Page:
If you have been involved in an accident as a pedestrian you may be entitled to compensation.
An approximate 5000 pedestrians per year lose their lives in accidents with vehicles. On average, 70,000 pedestrians are injured in accidents with vehicles. On top of these concerns, many pedestrians are also injured by some non-vehicular incident.
The result of a pedestrian-vehicle injury claim is normally decided by deducing which party owed the duty of care. In other words, by deciding if it was the vehicle driver or the pedestrian who was acting unreasonably.
Both driver and pedestrian are expected to exercise reasonable care while upholding the rules of the road.
Drivers are expected to use a reasonable amount of care given the circumstances they are driving under. If it is proven that a driver failed to do this then they will be held as negligent and ultimately responsible for any accident that occurred.
Common forms of driver negligence that lead to pedestrian accidents include:
A driver also holds a special duty of care where children are concerned. Statistics show that children between the ages of 5 and 9 are pedestrians at the most risk of being involved in an accident.
Not only are children smaller and less visible to vehicle drivers than adults, but they also behave much more unpredictable.
For these reasons, the law imposes a higher duty of care on drivers when children are involved. A driver must exercise a greater level of care in these situations.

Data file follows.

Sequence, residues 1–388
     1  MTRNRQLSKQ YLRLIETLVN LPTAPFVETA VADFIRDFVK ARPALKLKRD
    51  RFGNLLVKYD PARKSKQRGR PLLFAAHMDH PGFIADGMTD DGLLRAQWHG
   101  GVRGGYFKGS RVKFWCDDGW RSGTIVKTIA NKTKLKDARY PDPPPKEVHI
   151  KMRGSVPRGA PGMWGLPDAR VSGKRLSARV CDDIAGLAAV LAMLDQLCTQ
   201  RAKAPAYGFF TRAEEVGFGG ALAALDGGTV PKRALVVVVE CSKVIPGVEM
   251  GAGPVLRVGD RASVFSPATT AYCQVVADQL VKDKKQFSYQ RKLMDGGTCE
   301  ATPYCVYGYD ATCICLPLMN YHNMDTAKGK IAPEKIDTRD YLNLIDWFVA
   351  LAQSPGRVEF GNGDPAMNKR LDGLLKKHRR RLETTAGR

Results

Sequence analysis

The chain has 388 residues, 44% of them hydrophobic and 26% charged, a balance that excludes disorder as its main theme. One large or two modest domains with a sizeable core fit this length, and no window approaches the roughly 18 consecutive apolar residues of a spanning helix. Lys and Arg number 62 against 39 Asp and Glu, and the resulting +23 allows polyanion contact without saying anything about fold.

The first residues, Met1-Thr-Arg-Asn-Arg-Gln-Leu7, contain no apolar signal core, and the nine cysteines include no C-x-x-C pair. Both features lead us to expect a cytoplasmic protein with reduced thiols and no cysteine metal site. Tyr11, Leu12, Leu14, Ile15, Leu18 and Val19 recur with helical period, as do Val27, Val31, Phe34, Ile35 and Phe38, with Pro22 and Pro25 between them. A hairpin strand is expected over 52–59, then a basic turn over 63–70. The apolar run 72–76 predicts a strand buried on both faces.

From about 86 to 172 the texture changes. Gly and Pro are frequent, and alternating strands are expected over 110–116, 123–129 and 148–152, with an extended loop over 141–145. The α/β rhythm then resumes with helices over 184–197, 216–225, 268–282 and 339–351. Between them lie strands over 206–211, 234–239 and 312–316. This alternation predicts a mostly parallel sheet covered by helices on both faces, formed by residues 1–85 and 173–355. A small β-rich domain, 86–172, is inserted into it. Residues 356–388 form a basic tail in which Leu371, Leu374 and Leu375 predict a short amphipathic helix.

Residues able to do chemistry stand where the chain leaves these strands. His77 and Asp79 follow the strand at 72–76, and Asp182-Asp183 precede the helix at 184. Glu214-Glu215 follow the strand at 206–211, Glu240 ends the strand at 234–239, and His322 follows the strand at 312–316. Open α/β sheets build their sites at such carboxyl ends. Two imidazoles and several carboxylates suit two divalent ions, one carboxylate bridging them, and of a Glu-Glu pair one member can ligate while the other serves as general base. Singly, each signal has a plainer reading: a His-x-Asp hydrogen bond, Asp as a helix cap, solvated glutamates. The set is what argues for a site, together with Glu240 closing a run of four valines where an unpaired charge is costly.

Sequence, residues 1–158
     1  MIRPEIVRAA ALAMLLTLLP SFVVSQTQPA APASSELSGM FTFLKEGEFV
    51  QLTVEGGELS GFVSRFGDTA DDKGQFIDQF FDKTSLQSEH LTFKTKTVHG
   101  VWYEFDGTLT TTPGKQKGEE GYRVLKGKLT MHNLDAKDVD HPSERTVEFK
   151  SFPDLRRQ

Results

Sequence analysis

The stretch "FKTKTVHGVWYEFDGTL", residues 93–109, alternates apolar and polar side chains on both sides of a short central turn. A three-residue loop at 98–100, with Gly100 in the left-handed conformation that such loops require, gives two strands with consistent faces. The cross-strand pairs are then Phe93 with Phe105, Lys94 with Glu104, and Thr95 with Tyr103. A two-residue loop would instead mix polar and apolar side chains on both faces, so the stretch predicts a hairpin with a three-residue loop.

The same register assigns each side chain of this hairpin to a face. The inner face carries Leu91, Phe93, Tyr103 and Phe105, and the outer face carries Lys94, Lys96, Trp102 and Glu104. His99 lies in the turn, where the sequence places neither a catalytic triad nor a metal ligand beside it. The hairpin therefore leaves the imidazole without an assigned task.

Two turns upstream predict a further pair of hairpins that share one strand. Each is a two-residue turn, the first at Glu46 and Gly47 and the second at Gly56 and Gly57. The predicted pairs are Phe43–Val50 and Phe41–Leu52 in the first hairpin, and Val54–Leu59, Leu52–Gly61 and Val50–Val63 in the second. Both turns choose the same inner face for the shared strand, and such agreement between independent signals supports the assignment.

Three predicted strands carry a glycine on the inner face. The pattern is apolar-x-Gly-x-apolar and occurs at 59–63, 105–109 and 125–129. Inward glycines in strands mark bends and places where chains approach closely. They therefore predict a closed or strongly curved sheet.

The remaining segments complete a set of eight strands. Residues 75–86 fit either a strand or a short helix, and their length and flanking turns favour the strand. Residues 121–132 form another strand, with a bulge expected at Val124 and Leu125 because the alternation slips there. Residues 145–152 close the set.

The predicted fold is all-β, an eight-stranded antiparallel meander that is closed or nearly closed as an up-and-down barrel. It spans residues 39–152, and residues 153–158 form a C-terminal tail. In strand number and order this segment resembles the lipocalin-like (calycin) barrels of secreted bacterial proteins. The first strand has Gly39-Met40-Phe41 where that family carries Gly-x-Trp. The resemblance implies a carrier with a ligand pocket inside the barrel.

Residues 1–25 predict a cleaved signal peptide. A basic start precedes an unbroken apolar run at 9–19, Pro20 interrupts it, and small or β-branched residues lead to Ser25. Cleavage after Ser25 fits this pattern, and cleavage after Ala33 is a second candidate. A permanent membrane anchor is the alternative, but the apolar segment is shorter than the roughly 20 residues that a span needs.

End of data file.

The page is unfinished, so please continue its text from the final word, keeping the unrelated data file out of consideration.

A pedestrian is responsible for their own safety. It is up to the pedestrian to assess their situation and exercise the appropriate amount of care - the more hazardous a situation the more care must be taken to avoid accidents and injuries. If a pedestrian is deemed to have failed to exercise the appropriate amount of care then they may be held partly or totally responsible for an accident.
Common oversights by Pedestrians:
Any pedestrian accident or injury that doesn’t involve a vehicle, and is claimed to be the fault of a property or premises owner is usually dealt with by the body of law known as premises liability. In the majority of legal jurisdictions, the owner of any land or property has a duty to maintain that land or property; and to warn pedestrians and road users alike of any hazardous situations that could arise.
To win compensation in a premises liability claim the plaintiff must demonstrate that:
They must also demonstrate the owner's knowledge of the condition in the following way:
Poor road maintenance
Sidewalk and parking lot defects
Construction site debris
Extreme weather conditions